The tiny whole grains that make a surprising breakfast cereal can be ground into a fine flour. Frankly, I have never successfully ground them in the spice grinder. I buy this flour in small bags, and add it in handfuls to crepes and quiche crusts. Amaranth has a grassy, earthy taste, so it works best in savory dishes, like pizza dough.
The name alone is enough to make you want to try it. Legend has it that the Arawak people of the West Indies, long before the arrival of Columbus, used arrowroot powder to draw out the poison from arrow wounds. Hopefully, it will have similar beneficial properties for those of you cooking gluten-free. It is best used as a thickener, for rouxs and sauces, and fillings for fruit pies. Those who are allergic to corn are especially grateful for the existence of this starch.
Dried beans can be ground into flours as easily as grains can. Chickpea flour also known as garbanzo bean or ceci flour makes a memorable flatbread in the south of France. Lentil flour shows up in Indian cuisine. Even fava beans become flour, and show up in some commercial gluten-free baking mixes. Experiment with the beans you like, in small doses.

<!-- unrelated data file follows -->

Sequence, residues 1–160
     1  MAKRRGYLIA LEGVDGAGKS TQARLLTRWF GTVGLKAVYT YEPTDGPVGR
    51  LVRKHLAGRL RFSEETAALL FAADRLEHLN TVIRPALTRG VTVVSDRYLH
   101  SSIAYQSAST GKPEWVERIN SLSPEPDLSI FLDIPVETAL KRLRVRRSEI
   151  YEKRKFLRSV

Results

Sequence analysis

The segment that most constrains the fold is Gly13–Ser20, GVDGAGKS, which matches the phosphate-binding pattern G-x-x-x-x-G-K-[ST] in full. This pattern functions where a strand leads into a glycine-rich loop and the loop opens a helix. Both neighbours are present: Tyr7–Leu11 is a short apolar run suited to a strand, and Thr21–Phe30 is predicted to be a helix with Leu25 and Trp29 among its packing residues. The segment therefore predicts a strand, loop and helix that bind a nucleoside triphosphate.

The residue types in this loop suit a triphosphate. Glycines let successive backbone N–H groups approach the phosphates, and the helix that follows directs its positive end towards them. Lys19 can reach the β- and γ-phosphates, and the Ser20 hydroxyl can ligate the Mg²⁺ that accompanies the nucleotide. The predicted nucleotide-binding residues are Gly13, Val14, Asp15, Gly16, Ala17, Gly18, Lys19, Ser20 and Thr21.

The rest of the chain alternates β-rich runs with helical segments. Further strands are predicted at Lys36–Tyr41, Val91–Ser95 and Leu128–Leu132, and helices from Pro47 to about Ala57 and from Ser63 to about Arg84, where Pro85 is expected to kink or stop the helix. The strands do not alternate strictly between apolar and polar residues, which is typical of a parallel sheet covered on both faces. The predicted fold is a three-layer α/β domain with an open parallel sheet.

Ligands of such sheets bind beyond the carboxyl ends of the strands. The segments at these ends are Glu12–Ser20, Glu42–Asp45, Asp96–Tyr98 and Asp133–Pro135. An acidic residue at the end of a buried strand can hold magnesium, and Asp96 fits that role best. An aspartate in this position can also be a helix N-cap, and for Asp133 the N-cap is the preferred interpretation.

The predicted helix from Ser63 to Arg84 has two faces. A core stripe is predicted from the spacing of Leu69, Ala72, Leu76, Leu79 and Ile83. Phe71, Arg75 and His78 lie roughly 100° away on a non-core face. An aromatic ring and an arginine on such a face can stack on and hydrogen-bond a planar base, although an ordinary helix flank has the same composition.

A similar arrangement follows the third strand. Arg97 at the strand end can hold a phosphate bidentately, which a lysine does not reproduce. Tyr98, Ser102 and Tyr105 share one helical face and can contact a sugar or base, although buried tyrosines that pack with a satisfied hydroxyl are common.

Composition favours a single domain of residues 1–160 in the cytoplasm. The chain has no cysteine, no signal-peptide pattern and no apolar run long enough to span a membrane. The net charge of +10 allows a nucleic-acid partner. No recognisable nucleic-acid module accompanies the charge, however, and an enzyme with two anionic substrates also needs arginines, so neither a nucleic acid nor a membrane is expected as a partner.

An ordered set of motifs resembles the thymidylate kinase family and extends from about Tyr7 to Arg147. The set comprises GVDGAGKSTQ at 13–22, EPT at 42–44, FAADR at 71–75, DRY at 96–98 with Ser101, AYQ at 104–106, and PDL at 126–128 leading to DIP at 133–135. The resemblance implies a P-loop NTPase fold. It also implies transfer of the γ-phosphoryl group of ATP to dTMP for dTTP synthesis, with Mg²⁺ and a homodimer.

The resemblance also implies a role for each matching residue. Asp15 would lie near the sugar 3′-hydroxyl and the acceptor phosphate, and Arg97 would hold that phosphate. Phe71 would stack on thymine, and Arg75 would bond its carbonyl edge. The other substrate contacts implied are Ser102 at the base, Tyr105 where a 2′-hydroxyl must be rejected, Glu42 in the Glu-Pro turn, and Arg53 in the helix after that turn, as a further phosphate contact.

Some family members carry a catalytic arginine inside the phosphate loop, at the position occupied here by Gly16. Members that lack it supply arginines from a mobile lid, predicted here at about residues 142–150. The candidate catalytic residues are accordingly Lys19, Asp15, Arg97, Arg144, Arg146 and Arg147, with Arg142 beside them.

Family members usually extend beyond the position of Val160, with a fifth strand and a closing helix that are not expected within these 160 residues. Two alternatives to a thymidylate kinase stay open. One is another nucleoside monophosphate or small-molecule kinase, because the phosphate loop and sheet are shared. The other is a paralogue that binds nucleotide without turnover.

Corn flour (**not SB approved)
You may not have heard of corn flour yet, but you have eaten it. Have you ever enjoyed a corn tortilla in a Mexican restaurant? That was made of corn flour. After corn kernels have been dried, soaked in lime water, and then washed, the corn is ground into a fine flour. Buy some authentic masa harina (as Mexican cooks call it) and make your own corn tortillas at home. You can also try it in gluten-free corn bread.
The seeds of the guar plant, which grows in India and Pakistan, make a granular flour when dried and ground. Take a look at many processed foods such as commercial ice creams and puddings and you will see guar gum on the list of ingredients. In small amounts, guar gum can be a somewhat effective binder, mimicking some of the effects of gluten.
Mild and ever-so-slightly sweet, millet is an adaptable grain. It soaks up the tastes of the foods surrounding it. It sings in harmony, rather than blaring out loud. Millet flour lends a crumbly texture to breads and muffins, and it is especially good in quick breads.
Potato starch (**not SB approved)